Unemployment in the United States

Unemployment Overview

Unemployment is defined as persons in a specific country failing to have stable jobs and income. High unemployment rates are a clear indicator of a weak economy, and vice versa. Unemployment rates in a given country reduce during times of economic success and strengthening, and rise during times of economic downturn. The United States is classified as a developed country, although a significant portion of its population remains unemployed. With the global financial crisis in 2007, the country's jobless rate reached an all-time high. Nonetheless, the unemployment rate has since dropped dramatically, thanks to policies implemented by the United States Federal Reserve (the Fed). One of the main agendas of the U.S. government is job creation, and this is focused on ensuring that there is a reduction in the cases of unemployment across the country. This paper primarily focuses on unemployment rates across the U.S.


U.S economy-History

The US has enjoyed steady economic growth in the past five decades compared to other countries across the globe. The period after the World War II saw a strengthening in the country's economy and this also helped in improving the living standards of the people. This period of economic expansion after the World War II is referred to as the Golden Age of Capitalism (Gordon 73). The economic expansion was witnessed across the U.S., Western European countries, and Eastern Asian countries. Economic expansion across the U.S. in the 60s and 70s was manifested through suburban developments and urban sprawl. There was also an increase in car ownership (Gillespie Web). It should, however, be noted that, despite the economic growth in these countries, their joy came with the Crumbling of the Bretton Woods monetary system in 1971, the oil crisis of 1973, and the stock market crash of 1973 that ended up to recessions in the 1970s. With the recession, most of the countries that had been on the rise in terms of economic growth were reduced back to the gutters, with their economies crumbling (Gillespie Web). The U.S., however, remained steadfast, due to the monetary policies that it had implemented a few years before the recession.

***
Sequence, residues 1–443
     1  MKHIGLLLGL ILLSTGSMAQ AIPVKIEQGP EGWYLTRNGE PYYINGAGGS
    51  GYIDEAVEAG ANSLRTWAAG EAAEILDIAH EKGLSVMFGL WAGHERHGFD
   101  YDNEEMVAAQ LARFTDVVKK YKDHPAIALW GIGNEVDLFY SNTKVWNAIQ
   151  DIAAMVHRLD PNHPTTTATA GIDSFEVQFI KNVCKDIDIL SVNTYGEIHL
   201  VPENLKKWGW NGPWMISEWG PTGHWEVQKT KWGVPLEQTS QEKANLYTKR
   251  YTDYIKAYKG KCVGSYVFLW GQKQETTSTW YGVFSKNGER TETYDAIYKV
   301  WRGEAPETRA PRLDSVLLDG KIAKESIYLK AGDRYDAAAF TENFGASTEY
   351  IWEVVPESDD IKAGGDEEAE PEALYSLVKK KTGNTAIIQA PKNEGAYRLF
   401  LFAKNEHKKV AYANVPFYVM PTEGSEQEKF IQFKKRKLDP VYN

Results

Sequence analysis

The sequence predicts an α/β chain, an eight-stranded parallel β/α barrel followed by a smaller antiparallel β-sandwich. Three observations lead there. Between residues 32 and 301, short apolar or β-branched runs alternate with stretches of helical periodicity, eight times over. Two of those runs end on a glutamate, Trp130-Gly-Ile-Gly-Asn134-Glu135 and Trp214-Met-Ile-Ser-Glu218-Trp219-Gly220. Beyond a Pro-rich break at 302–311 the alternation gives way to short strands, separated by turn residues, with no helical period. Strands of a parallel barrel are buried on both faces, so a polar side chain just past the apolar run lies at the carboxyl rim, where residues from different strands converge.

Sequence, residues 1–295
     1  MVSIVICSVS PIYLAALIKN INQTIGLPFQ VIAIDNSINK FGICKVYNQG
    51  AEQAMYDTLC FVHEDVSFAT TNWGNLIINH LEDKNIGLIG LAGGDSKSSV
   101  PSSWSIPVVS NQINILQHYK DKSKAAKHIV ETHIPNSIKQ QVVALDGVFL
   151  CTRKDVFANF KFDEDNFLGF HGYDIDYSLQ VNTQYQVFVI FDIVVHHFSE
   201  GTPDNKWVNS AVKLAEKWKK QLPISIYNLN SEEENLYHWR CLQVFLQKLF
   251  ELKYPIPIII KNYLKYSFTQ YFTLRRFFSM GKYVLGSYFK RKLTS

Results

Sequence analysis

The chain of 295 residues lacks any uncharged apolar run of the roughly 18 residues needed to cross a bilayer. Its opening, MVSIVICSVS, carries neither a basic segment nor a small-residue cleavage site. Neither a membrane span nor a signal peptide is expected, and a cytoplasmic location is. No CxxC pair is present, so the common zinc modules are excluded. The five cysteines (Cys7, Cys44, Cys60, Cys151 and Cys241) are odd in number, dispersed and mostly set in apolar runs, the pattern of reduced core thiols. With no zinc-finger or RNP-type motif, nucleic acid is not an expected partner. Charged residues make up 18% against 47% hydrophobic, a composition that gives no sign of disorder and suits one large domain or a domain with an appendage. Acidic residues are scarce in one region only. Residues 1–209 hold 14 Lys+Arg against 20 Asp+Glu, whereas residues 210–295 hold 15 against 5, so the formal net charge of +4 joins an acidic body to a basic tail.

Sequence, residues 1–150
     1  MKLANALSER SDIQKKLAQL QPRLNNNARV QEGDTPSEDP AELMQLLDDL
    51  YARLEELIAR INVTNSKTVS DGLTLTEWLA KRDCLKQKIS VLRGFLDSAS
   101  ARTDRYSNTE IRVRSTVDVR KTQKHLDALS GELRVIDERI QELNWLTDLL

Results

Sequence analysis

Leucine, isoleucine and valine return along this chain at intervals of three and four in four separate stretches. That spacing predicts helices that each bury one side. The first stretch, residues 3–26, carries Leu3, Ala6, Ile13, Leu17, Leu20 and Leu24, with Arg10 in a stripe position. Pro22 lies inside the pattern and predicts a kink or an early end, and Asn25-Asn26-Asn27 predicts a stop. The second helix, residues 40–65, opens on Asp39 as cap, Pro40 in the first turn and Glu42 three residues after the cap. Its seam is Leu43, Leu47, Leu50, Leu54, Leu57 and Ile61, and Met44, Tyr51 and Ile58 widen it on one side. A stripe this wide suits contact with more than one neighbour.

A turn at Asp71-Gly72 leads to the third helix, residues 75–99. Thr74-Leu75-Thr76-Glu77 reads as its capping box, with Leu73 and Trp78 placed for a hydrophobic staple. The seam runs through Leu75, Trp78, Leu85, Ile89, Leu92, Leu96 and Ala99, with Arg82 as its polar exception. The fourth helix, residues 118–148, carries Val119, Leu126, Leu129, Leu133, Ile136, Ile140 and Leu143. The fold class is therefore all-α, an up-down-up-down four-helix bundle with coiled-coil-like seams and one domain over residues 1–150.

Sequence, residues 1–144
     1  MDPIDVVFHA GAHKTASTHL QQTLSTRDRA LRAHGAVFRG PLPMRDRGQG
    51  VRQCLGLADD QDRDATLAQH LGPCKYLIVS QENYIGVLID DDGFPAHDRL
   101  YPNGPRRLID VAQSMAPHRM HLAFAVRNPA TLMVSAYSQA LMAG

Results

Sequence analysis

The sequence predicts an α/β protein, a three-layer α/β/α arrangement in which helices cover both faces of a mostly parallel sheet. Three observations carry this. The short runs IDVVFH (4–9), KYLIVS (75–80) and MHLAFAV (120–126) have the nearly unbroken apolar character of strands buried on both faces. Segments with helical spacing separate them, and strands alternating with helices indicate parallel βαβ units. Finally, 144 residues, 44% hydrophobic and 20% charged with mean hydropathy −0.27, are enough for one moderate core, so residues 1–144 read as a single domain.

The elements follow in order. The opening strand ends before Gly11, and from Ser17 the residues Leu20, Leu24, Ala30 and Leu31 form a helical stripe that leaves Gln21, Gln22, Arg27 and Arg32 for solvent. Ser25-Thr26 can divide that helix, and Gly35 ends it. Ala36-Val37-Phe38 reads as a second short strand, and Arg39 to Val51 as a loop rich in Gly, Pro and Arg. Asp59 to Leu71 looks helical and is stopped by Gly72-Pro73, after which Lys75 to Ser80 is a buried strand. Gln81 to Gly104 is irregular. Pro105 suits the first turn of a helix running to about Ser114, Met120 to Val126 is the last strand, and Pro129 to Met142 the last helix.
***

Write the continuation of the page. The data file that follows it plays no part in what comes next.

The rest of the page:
Unemployment Overview

Unemployment, according to the U.S. Bureau of Labor Statistics, is defined as persons that don't have a job, have looked for a job four weeks prior and are currently available for work. It also defines unemployment as those workers that expect to be recalled after being laid off. The unemployment rate in the U.S. has historically ranged from 1% during World War 1 to as high as 25.7% during the Great Depression in the 1920s. In the unemployment rates also reached 10.2 in 1982 and 10.0% during the recent global financial crisis of 2007 (Mutikani Web). From 1948 to 2008, the average unemployment rate was represented by 5.8% a clear indication that the country's economy has in the past five years been stable despite the economic cycles such as recessions bubble bursts in 2001 and 2007. During President Obama's administration, the private sector added a total of 10 million jobs, and this was instrumental in reducing the unemployment rates that had reached their peak, especially with the financial crisis of 2007-2009. It should, however, be noted that, during President Clinton's two terms, more than 20 million jobs were created, and this was a major achievement.